Two important points need to be made about my blog:
Everything on my blog is my opinion, unless stated otherwise. Because of my background in psychology, my opinions are mostly informed by sound psychological advice and findings. Although I may on occasion support my opinions with relevant research, my opinion is never intended to take precedence over the advice of your doctor. While I will do my best to provide accurate and reliable information I cannot guarantee the accuracy of this information. I am neither a health professional nor do I have sufficient time to research information as thoroughly as I would like.
Although I say and will say a lot of things that reveal a negative attitude toward drugs. However, I believe drugs have their place. Drugs should be taken directly as prescribed. I am in no way trying to convince others that they should not take medication prescribed by their doctor. If my words raise concerns for you, please discuss those concerns with your doctor.
If you were to ask me what I think you should do about your medication, I would tell you to take your medication as prescribed, and that if you had any concerns to speak to your doctor. If you said your doctor wasn’t sympathetic to your concerns, I would say, get a second opinion, from a medical professional who is qualified to assist you with such decisions, but to keep taking your medication as prescribed until you have done so.
Quetiapine Fumarate, like many drugs used to treat Bipolar Disorder, lead to changes in the way the brain functions. It is because of these changes that the drugs work. However, because these changes have been made, it is impossible to immediately withdraw a medication, or reduce it in large amounts over short periods of time, without causing severe side effects or a relapse into illness.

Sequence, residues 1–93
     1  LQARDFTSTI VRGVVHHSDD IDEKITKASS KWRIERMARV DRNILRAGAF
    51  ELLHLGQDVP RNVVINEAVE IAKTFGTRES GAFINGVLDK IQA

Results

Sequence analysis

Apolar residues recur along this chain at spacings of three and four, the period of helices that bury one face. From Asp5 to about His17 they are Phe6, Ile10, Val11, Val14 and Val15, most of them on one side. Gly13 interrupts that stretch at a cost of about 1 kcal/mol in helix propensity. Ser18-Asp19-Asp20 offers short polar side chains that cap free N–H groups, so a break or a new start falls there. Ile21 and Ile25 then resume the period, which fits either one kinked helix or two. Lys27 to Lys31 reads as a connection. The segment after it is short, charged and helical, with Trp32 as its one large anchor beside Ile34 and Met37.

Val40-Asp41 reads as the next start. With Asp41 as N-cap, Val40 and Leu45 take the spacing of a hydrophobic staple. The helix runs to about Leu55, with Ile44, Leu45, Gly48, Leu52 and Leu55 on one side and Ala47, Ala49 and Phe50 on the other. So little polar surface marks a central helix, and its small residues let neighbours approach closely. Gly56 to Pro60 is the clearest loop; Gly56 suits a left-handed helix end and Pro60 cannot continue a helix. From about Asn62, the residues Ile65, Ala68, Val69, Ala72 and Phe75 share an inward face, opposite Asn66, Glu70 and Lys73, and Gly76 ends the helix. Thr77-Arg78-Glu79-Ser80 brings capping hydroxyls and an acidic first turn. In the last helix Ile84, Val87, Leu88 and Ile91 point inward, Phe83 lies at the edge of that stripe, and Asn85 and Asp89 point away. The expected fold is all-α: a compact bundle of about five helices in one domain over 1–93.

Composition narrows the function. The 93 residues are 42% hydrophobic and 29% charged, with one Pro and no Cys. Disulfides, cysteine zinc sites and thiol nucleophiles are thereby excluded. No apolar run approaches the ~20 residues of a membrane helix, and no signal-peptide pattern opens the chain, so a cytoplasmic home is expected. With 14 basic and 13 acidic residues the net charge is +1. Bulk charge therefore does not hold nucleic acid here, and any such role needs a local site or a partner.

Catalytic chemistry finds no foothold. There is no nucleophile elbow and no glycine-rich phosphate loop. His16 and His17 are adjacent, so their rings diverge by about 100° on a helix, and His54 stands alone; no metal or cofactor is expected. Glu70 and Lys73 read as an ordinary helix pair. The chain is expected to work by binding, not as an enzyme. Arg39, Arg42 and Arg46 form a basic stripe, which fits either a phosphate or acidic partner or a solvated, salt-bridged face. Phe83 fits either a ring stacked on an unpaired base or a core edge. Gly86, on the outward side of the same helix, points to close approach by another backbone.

The brain has a certain amount of plasticity, it is capable of adapting, but when you take a drug away quickly, you are disrupting the function of the brain and almost guaranteeing yourself an episode of illness.
I reduce the dose of Quetiapine no more than 6.25mg per week. That means that is the fastest I ever reduce it, and I often reduce it at a slower rate such as, -6.25mg every fortnight. A reduction from 400mg to 0mg per day is likely to take me at least two years, if not longer. This is because I need to allow my brain time to adapt to less and less of the drug. The slower I take the reduction, the more likely I am to succeed in being drug free.
There are many conditions and factors that enable me to do this. You will find out more about these conditions and the choices that I make that allow me to consider being medication free by reading my blog.
Please note: as of January 2012 the withdrawal of Quetipine ceased due to unstable mood caused by environmental stressors, and the withdrawal of a hormonal contraceptive pill that induced rapid cycling.
Update: medication withdrawal began again mid 2013 for three months (went from 300mg to 200mg). Ceased again August 2012 due to physical health concerns and the increased risk for depression. But it will begin again!